Today, I was going to record a video of reading my pieces from my Undergraduate Reading Series, but my camera isn’t working, so instead I’m answering a common question I’ve received from a few readers who’ve read November Snow.
I’ve gotten the permission from my recent emailer, but they wish to remain anonymous:
“I’m about halfway through your novel [November Snow] and I’ve noticed a couple grammatical faux pas. I was wondering if they are intentional to add to the story’s setting.”
In response to this question, I’m posting two editorial reviews that critiqued this aspect of my debut novel:
These can be found on Barnes & Noble.
Witty Industries, in their entire review, actually said, “Her technique can be used for educational purposes and for recreational learning…perhaps, a young reader, who’s studying the novel, can review the grammatical process, and be quizzed about what they found–all while being entertained. This book is a great learning tool for its audience.“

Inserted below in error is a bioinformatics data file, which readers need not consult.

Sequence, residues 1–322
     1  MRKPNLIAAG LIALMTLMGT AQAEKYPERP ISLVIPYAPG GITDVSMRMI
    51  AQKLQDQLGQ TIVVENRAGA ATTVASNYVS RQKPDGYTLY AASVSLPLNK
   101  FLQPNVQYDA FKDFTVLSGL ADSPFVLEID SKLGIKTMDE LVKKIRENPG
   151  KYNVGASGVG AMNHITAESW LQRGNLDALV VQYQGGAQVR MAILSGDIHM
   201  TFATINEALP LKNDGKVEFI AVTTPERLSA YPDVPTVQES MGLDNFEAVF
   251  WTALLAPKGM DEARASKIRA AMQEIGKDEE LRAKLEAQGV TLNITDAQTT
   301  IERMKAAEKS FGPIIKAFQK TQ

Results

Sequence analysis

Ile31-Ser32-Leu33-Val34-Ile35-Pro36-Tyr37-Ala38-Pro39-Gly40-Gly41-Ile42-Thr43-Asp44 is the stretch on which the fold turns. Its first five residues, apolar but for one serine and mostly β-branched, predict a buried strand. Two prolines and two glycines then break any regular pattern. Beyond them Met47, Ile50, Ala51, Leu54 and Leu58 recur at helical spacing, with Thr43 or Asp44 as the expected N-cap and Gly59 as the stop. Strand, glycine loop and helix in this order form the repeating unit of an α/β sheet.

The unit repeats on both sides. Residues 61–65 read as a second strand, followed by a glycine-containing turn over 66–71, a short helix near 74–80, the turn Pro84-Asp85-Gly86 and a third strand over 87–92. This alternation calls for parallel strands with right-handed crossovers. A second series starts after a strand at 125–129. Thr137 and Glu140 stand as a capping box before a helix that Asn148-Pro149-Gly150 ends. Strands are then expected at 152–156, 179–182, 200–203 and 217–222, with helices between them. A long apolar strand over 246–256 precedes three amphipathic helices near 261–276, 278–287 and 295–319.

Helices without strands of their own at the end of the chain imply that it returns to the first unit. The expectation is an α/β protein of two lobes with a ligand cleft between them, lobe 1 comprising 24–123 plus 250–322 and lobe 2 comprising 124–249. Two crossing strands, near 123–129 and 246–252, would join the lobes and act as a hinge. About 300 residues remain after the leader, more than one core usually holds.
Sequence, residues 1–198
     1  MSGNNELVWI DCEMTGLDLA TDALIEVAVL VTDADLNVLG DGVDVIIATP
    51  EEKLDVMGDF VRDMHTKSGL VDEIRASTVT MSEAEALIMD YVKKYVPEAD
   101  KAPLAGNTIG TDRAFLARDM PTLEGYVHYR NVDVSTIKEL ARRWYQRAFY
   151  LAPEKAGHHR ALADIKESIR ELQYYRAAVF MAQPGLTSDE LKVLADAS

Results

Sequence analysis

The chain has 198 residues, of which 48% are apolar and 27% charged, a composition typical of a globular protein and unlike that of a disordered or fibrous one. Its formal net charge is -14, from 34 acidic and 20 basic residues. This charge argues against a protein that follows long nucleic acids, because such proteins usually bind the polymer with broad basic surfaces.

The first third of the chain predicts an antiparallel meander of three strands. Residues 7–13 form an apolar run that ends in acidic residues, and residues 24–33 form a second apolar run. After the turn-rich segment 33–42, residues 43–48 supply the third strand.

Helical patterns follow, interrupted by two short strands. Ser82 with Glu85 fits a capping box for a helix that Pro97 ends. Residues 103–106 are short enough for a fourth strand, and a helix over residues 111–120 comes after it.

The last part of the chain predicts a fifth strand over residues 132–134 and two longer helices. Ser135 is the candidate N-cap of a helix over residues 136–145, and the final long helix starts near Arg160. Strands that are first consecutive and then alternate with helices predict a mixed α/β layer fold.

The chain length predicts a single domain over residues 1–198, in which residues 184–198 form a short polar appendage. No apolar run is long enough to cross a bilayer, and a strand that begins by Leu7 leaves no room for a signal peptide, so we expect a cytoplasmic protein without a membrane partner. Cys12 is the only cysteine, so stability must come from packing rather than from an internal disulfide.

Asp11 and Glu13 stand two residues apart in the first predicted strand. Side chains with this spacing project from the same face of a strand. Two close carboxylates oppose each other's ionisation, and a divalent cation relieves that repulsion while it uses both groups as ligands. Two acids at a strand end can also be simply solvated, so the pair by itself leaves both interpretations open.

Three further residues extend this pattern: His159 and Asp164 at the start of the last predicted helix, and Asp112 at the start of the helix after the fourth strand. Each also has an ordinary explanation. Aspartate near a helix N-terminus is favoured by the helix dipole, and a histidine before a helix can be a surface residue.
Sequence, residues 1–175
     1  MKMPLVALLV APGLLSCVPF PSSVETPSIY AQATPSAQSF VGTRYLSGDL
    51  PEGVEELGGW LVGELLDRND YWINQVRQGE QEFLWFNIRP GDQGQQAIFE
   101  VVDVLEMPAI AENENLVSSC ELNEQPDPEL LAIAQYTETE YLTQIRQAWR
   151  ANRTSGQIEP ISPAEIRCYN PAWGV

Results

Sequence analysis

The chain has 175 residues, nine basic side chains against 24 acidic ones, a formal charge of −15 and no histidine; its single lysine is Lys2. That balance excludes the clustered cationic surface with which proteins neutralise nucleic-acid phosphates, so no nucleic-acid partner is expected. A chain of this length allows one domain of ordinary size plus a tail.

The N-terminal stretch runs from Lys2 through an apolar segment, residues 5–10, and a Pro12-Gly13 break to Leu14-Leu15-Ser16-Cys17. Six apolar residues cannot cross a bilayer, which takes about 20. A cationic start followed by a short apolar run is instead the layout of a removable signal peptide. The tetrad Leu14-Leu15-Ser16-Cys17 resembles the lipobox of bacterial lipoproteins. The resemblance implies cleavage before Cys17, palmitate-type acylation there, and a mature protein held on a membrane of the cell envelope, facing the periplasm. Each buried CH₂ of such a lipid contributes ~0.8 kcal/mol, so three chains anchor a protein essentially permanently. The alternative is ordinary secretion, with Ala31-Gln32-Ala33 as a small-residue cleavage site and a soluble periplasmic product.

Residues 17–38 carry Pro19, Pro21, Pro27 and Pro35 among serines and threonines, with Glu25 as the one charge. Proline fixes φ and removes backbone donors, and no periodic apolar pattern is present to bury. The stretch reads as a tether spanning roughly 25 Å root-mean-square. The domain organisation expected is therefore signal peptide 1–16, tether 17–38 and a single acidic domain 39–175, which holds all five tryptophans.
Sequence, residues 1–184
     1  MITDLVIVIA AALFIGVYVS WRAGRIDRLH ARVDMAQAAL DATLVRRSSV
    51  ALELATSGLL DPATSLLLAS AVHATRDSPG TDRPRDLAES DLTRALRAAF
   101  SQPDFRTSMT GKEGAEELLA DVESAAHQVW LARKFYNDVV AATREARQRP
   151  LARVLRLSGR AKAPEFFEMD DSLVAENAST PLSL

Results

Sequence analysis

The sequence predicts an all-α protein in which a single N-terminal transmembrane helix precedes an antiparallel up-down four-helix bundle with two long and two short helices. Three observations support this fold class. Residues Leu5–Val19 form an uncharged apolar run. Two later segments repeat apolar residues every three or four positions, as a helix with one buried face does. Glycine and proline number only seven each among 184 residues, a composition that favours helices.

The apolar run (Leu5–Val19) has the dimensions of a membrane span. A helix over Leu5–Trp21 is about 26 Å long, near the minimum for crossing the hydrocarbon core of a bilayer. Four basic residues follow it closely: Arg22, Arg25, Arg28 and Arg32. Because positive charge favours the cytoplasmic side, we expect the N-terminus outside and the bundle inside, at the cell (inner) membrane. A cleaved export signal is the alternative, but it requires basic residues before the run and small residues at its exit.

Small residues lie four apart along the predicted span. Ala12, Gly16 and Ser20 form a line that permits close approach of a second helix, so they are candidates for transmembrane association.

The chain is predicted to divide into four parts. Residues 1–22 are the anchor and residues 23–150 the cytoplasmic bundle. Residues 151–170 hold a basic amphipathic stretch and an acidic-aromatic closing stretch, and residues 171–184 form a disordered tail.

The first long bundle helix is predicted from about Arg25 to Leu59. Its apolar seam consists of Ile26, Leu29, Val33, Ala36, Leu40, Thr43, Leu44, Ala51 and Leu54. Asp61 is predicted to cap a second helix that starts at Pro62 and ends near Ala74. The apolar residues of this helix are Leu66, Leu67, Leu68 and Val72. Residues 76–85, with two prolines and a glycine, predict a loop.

It is my hope that this feature of my novel adds to your enjoyment of November Snow. Maybe, if you want a writing prompt, try to brainstorm unique writing styles in order to enhance your characters’ voice. In my novel’s case, my characters are abandoned children, who live together in “flocks” as they attempt to survive a dystopian election. Many of them are uneducated. Through this, I thought their voices should also be uneducated, and I used syntax to enhance that.
How can your writing be enhanced from syntax and/or diction that is normally classified as abnormal?
Have a great Saturday!